tn Grk “whom God publicly displayed.” Because of the length and complexity of the Greek sentence, a new sentence was started here in the translation.

tn Grk “in his blood.” The prepositional phrase ἐν τῷ αὐτοῦ αἵματι (ejn tw aujtou {aimati) is difficult to interpret. It is traditionally understood to refer to the atoning sacrifice Jesus made when he shed his blood on the cross, and as a modifier of ἱλαστήριον (Jilasthrion). This interpretation fits if ἱλαστήριον is taken to refer to a sacrifice. But if ἱλαστήριον is taken to refer to the place where atonement is made as this translation has done (see note on the phrase “mercy seat”), this interpretation of ἐν τῷ αὐτοῦ αἵματι creates a violent mixed metaphor. Within a few words Paul would switch from referring to Jesus as the place where atonement was made to referring to Jesus as the atoning sacrifice itself. A viable option which resolves this problem is to see ἐν τῷ αὐτοῦ αἵματι as modifying the verb προέθετο (proeqeto). If it modifies the verb, it would explain the time or place in which God publicly displayed Jesus as the mercy seat; the reference to blood would be a metaphorical way of speaking of Jesus’ death. This is supported by the placement of ἐν τῷ αὐτοῦ αἵματι in the Greek text (it follows the noun, separated from it by another prepositional phrase) and by stylistic parallels with Rom 1:4. This is the interpretation the translation has followed, although it is recognized that many interpreters favor different options and translations. The prepositional phrase has been moved forward in the sentence to emphasize its connection with the verb, and the referent of the metaphorical language has been specified in the translation. For a detailed discussion of this interpretation, see D. P. Bailey, “Jesus As the Mercy Seat: The Semantics and Theology of Paul’s Use of Hilasterion in Romans 3:25” (Ph.D. diss., University of Cambridge, 1999).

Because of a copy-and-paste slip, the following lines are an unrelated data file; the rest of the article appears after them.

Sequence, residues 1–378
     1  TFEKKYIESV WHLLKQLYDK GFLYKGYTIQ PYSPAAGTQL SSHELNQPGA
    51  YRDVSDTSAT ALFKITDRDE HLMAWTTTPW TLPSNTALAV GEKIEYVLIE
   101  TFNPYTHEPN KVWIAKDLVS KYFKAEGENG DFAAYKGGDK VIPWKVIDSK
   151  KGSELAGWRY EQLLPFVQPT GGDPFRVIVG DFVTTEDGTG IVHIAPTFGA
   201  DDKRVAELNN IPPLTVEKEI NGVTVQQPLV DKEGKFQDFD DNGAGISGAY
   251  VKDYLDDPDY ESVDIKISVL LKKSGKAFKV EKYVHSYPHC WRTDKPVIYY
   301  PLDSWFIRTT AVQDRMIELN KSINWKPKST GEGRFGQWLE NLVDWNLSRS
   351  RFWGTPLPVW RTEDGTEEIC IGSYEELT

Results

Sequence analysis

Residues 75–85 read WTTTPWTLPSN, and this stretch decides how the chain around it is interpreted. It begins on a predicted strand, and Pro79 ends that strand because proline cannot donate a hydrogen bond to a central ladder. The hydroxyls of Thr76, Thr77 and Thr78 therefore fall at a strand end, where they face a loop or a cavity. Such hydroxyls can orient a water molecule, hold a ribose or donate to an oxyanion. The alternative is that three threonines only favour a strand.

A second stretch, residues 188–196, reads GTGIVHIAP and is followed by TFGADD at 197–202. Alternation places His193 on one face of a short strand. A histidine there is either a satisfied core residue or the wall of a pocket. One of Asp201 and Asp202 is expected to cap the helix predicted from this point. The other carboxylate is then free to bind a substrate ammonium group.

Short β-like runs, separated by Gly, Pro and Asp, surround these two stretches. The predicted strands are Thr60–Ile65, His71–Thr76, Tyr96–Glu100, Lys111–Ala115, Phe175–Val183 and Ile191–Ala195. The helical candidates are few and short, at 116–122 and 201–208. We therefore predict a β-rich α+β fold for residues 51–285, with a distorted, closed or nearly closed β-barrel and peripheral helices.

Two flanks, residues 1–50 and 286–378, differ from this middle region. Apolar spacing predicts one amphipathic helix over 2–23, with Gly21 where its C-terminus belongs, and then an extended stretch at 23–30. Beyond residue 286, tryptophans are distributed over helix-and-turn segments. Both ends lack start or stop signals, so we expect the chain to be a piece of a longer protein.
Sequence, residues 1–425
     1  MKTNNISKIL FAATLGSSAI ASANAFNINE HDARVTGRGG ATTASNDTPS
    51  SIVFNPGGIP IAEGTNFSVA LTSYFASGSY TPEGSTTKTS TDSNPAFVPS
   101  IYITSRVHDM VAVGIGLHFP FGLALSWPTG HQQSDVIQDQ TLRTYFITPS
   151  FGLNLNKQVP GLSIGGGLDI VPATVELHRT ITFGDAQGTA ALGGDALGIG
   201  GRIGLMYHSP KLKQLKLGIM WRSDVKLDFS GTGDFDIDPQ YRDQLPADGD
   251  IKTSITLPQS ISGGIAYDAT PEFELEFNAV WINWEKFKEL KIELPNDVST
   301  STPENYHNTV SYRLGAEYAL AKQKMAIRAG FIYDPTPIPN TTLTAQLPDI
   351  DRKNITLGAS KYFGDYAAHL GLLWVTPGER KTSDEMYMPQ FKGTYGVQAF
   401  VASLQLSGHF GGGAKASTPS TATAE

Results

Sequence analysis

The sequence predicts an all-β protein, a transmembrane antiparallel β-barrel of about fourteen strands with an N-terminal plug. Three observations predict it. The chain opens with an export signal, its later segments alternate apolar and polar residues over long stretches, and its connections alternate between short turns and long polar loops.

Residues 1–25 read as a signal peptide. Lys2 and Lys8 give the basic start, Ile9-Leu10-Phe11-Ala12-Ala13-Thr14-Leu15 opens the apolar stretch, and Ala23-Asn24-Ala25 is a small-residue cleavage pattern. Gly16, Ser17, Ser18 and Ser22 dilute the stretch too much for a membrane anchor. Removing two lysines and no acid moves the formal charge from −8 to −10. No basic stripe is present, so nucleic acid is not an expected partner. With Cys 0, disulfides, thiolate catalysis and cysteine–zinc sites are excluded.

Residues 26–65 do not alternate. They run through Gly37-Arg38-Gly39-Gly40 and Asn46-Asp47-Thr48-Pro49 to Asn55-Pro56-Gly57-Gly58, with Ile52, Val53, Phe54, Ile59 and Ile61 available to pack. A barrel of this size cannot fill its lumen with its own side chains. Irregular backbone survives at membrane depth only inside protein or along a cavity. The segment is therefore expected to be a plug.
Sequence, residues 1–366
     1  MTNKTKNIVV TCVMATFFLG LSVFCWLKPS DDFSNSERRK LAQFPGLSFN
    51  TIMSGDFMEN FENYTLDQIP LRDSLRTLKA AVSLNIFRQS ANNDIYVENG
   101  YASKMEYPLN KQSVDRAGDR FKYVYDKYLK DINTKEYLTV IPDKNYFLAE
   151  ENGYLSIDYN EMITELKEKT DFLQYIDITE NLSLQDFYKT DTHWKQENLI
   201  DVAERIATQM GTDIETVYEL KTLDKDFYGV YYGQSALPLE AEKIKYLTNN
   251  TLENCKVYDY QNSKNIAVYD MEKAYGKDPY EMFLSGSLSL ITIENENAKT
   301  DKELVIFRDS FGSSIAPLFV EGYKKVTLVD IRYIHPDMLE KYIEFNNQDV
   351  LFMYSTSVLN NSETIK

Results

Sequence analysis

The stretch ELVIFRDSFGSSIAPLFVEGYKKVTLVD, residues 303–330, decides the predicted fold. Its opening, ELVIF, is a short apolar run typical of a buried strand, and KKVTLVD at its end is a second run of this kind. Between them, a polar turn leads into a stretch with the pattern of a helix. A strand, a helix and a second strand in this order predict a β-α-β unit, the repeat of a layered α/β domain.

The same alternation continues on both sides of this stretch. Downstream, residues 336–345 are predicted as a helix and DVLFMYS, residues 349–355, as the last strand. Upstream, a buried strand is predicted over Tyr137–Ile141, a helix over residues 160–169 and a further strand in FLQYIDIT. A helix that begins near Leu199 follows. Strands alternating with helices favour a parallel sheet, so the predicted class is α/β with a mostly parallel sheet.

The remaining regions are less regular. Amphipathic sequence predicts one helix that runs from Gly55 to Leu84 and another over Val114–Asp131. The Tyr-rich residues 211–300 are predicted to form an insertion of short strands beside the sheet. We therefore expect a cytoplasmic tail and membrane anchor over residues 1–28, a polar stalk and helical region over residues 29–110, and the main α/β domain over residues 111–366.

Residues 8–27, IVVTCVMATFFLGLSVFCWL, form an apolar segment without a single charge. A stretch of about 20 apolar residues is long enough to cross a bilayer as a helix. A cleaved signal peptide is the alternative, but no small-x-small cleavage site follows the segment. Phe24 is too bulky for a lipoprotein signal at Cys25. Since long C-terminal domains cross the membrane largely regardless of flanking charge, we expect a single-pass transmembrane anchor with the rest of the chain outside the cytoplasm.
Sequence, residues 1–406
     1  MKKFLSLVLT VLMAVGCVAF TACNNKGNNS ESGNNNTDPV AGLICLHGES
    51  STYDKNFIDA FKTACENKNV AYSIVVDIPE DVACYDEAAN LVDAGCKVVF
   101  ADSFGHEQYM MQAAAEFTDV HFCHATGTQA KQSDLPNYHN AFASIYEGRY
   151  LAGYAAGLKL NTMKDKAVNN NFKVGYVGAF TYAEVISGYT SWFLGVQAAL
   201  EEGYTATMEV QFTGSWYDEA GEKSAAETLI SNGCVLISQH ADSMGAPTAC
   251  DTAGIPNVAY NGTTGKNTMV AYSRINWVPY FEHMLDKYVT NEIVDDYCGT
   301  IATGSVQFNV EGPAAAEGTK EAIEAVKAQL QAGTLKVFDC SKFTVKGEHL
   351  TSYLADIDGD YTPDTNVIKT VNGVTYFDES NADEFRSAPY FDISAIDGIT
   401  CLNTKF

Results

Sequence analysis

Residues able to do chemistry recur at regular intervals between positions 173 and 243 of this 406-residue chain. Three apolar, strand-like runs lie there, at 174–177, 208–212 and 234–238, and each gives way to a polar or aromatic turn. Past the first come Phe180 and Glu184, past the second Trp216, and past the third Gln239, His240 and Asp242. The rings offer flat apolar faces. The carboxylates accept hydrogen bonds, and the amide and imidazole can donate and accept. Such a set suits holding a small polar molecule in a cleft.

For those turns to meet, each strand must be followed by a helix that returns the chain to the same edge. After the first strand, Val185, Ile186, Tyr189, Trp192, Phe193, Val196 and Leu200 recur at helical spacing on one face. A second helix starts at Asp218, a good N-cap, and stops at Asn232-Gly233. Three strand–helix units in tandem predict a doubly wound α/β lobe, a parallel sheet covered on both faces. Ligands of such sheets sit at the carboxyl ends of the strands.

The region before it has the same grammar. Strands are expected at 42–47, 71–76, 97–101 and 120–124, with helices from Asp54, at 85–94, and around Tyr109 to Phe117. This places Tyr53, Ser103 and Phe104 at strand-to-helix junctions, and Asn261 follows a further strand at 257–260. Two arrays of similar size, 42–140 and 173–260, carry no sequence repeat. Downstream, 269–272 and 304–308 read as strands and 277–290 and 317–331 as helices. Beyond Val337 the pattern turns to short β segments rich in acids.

tn The word ἱλαστήριον (Jilasthrion) may carry the general sense “place of satisfaction,” referring to the place where God’s wrath toward sin is satisfied. More likely, though, it refers specifically to the “mercy seat,” i.e., the covering of the ark where the blood was sprinkled in the OT ritual on the Day of Atonement (Yom Kippur). This term is used only one other time in the NT: Heb 9:5, where it is rendered “mercy seat.” There it describes the altar in the most holy place (holy of holies). Thus Paul is saying that God displayed Jesus as the “mercy seat,” the place where propitiation was accomplished. See N. S. L. Fryer, “The Meaning and Translation of Hilasterion in Romans 3:25,” EvQ 59 (1987): 99-116, who concludes the term is a neuter accusative substantive best translated “mercy seat” or “propitiatory covering,” and D. P. Bailey, “Jesus As the Mercy Seat: The Semantics and Theology of Paul’s Use of Hilasterion in Romans 3:25” (Ph.D. diss., University of Cambridge, 1999), who argues that this is a direct reference to the mercy seat which covered the ark of the covenant.

tn The prepositional phrase διὰ πίστεως (dia pistew") here modifies the noun ἱλαστήριον (Jilasthrion). As such it forms a complete noun phrase and could be written as “mercy-seat-accessible-through-faith” to emphasize the singular idea. See Rom 1:4 for a similar construction. The word “accessible” is not in the Greek text but has been supplied to clarify the idea expressed by the prepositional phrase (cf. NRSV: “effective through faith”).

tn Grk “for a demonstration,” giving the purpose of God’s action in v. 25a. Because of the length and complexity of the Greek sentence, a new sentence was started here in the translation.

tn Grk “because of the passing over of sins previously committed in the forbearance of God.”